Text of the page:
Next on my belated list of Great British Bake-off signature bakes is a classic lemon meringue pie.
Where I grew up, most restaurants (at least the kind my family ate in), had at least three types of pie on offer.
Apple, cherry, blueberry, pumpkin, raisin, bumbleberry, saskatoon, rhubarb, pecan, peach… I’d happily order any of them, but if lemon meringue pie was on the menu, they wouldn’t get a look in.
After reviewing several recipes, I settled on this one from The Great British Book of Baking, which was published to accompany the first series of the Great British Bake-Off.
Sweet shortcrust pastry, a tangy lemon filling you could stand a fork in, and pillowy French meringue – it looked and tasted like the lemon meringue pie of my childhood. Works for me.
We ate this chorizo-leek phyllo tart a few times over the summer. I’d cook it early in the day – tarts and quiches benefit from having enough time to cool and rest – and we’d eat for dinner with a green salad.
I’ve experimented with adding goat’s cheese, sundried tomatoes, and sliced olives, but didn’t feel the tart was improved by it.
The chorizo provides ample flavour, and without cheese, the cream and eggs bake to a silky, custard-like consistency.
Sometimes simple is best. Continue reading
Börek, burek, byrek, byorek… The vowels may change from country to country, but the delicious, savoury pastries found across Turkey and the Balkans are largely the same.
In Albania, spinach seems to be the most common filling for byrek. But they sounded so similar to the spanakopita I occasionally make, that I opted for a cheese version instead. Continue reading
Pide are Turkey’s answer to pizza, and surprisingly easy to make. The dough came together in minutes, and by the time I’d made the toppings, it was risen and ready to roll.
I went with two traditional toppings – spicy ground meat and spinach and cheese – but there’s definitely scope to experiment here.
I divided the dough into four pieces, and made four largeish pide, but you could just as easily make six individual ones.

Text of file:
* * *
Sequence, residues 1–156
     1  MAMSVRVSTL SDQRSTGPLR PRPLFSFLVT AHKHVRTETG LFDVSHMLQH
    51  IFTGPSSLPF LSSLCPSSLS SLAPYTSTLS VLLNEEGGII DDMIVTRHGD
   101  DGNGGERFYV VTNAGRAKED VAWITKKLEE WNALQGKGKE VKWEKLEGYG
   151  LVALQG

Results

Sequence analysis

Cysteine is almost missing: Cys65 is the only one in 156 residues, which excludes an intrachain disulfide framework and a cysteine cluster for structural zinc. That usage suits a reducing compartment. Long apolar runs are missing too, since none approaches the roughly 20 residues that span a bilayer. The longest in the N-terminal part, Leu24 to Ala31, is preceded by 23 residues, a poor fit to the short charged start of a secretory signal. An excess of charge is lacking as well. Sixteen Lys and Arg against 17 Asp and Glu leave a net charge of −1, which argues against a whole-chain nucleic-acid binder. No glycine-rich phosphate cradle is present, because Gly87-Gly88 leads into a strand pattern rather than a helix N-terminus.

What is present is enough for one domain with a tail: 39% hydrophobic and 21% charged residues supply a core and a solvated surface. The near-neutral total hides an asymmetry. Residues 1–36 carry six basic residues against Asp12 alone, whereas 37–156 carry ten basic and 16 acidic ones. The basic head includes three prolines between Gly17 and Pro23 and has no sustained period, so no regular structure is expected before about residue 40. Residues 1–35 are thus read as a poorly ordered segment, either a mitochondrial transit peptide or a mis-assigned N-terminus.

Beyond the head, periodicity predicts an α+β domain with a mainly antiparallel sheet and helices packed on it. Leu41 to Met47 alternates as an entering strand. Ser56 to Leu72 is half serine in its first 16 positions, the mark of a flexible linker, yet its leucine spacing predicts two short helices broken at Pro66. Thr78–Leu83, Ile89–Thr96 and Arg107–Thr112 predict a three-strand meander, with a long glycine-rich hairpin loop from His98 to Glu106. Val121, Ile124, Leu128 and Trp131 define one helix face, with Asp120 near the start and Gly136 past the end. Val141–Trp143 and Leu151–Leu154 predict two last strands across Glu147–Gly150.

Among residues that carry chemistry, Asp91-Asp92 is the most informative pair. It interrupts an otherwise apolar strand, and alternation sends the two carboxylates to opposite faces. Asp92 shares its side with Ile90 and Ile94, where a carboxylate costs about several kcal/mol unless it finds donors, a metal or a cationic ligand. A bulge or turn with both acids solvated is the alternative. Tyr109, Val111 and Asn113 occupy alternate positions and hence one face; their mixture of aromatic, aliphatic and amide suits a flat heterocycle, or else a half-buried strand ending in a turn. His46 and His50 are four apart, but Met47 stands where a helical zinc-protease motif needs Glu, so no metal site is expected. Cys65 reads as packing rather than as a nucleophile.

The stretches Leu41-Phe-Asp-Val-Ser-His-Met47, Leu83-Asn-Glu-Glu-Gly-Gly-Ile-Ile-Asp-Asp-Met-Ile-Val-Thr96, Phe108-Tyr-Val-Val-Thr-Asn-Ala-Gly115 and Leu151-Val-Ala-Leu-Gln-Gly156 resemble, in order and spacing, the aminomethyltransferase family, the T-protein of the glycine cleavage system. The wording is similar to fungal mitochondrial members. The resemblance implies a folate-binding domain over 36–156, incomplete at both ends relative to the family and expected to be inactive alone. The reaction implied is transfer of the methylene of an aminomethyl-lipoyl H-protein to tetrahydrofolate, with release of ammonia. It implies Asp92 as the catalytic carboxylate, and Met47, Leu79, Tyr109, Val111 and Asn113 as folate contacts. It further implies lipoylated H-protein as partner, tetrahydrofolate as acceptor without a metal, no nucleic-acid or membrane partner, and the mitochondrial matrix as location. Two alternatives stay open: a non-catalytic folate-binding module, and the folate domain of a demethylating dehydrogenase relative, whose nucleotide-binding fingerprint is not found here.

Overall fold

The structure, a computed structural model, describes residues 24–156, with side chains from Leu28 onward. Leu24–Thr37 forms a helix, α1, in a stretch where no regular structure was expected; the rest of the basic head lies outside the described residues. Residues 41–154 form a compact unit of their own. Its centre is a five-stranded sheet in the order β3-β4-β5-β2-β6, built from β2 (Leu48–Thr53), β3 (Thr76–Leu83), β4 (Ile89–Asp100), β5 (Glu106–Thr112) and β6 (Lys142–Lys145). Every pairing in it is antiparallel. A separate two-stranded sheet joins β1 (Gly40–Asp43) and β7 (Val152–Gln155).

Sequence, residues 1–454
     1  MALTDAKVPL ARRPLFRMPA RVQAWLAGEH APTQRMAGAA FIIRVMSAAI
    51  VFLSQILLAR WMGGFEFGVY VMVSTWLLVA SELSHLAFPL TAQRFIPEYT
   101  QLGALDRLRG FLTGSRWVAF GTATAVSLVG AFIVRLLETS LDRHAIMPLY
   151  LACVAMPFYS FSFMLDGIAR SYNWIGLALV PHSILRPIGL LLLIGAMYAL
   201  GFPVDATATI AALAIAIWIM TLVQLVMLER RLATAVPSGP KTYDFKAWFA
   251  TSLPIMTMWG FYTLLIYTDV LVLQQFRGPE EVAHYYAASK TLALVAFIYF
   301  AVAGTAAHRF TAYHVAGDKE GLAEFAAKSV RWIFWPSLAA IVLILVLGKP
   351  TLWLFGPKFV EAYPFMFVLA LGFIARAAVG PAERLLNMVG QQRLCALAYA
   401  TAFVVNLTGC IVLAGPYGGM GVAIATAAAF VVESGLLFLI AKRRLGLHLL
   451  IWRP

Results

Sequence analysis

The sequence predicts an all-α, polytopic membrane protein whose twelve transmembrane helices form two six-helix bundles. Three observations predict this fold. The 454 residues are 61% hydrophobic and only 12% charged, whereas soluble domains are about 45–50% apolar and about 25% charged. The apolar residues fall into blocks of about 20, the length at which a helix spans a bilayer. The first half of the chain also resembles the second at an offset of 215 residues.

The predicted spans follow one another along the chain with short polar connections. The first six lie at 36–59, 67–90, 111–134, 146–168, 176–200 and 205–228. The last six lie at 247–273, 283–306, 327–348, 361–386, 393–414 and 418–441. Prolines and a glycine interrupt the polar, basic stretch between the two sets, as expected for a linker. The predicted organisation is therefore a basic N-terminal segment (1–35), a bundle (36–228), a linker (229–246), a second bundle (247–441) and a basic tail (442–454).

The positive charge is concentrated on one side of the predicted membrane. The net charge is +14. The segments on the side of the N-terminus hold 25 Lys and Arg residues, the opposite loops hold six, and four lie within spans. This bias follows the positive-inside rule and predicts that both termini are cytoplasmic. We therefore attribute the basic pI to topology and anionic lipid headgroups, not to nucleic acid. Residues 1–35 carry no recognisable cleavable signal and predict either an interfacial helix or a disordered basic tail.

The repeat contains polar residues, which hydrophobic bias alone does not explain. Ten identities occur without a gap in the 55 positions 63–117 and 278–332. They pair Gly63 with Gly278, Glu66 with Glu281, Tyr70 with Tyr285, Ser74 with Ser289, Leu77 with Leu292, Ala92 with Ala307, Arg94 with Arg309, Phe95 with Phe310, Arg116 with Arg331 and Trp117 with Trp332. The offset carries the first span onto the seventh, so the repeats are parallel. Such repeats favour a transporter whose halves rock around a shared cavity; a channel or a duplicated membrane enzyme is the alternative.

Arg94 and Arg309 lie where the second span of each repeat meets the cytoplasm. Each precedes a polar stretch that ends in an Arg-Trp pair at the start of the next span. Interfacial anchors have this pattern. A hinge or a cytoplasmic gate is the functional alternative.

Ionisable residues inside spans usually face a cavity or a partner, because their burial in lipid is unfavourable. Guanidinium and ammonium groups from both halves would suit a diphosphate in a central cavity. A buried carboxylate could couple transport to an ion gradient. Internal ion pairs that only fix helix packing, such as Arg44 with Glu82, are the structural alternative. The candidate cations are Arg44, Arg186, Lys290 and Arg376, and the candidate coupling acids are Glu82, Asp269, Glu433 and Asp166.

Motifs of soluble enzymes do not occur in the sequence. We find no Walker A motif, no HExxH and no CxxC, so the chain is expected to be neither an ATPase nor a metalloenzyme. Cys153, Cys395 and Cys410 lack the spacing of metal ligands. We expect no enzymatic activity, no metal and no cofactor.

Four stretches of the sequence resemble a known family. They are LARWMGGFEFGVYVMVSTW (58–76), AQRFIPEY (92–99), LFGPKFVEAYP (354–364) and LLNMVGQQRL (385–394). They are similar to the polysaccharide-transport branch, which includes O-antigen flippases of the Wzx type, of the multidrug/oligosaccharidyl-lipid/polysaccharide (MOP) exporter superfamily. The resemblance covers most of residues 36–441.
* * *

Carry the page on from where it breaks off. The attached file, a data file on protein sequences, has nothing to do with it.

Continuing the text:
Note that the recipe below is for the amount of filling you need if you plan to make both types of pide. If you want to make only one, either freeze half the dough to use another time or double the quantity of filling. Continue reading
There’s been a hiatus in the Great British Bake-off project, but the girls were never going to let me get away without making the double chocolate tart.
Chocolate pastry is new to me. My go-to pastry recipes have little or no sugar, and I wasn’t confident that would be enough to balance the bitterness of the cocoa. The pastry recipe I followed starts by creaming the butter and sugar, which resulted in a biscuity-crisp crust. Continue reading
Cream horns are delightful things – and were completely new to me when I saw them on the Great British Bake-off the other week.
The concept is a simple one. Thin strips of puff pastry are rolled around a conical mould. Once baked, the pastry cones are piped full of sweet cream.
My heart sank when the Great British Bake-off contestants were set the task of making a raised game pie.
According to BBC Good Food (where I found this Paul Hollywood recipe), “a game pie always makes a spectacular centre piece and… is amazingly straightforward to make – especially if you buy mixed game meat ready-prepared from a good butcher.”